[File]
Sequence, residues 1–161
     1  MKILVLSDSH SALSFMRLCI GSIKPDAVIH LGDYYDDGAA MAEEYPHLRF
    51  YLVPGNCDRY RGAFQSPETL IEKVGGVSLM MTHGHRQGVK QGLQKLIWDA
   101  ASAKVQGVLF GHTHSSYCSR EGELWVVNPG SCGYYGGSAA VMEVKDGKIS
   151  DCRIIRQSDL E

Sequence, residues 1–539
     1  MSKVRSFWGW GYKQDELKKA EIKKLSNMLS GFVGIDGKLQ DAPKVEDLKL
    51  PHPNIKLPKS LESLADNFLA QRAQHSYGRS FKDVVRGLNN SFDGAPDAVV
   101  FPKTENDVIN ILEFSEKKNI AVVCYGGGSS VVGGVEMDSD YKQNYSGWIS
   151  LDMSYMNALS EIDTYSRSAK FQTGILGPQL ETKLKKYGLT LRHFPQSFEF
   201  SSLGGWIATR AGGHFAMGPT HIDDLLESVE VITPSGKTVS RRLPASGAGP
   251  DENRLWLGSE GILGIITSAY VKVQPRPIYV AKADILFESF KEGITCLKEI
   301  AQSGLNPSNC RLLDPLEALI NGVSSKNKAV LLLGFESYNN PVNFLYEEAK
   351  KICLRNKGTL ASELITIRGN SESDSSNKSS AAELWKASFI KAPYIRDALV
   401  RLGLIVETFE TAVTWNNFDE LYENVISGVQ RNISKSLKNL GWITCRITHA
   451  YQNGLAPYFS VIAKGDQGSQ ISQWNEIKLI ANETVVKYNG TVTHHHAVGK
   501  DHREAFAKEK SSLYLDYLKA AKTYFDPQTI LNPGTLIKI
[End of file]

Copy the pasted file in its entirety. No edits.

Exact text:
Sequence, residues 1–161
     1  MKILVLSDSH SALSFMRLCI GSIKPDAVIH LGDYYDDGAA MAEEYPHLRF
    51  YLVPGNCDRY RGAFQSPETL IEKVGGVSLM MTHGHRQGVK QGLQKLIWDA
   101  ASAKVQGVLF GHTHSSYCSR EGELWVVNPG SCGYYGGSAA VMEVKDGKIS
   151  DCRIIRQSDL E

Sequence, residues 1–539
     1  MSKVRSFWGW GYKQDELKKA EIKKLSNMLS GFVGIDGKLQ DAPKVEDLKL
    51  PHPNIKLPKS LESLADNFLA QRAQHSYGRS FKDVVRGLNN SFDGAPDAVV
   101  FPKTENDVIN ILEFSEKKNI AVVCYGGGSS VVGGVEMDSD YKQNYSGWIS
   151  LDMSYMNALS EIDTYSRSAK FQTGILGPQL ETKLKKYGLT LRHFPQSFEF
   201  SSLGGWIATR AGGHFAMGPT HIDDLLESVE VITPSGKTVS RRLPASGAGP
   251  DENRLWLGSE GILGIITSAY VKVQPRPIYV AKADILFESF KEGITCLKEI
   301  AQSGLNPSNC RLLDPLEALI NGVSSKNKAV LLLGFESYNN PVNFLYEEAK
   351  KICLRNKGTL ASELITIRGN SESDSSNKSS AAELWKASFI KAPYIRDALV
   401  RLGLIVETFE TAVTWNNFDE LYENVISGVQ RNISKSLKNL GWITCRITHA
   451  YQNGLAPYFS VIAKGDQGSQ ISQWNEIKLI ANETVVKYNG TVTHHHAVGK
   501  DHREAFAKEK SSLYLDYLKA AKTYFDPQTI LNPGTLIKI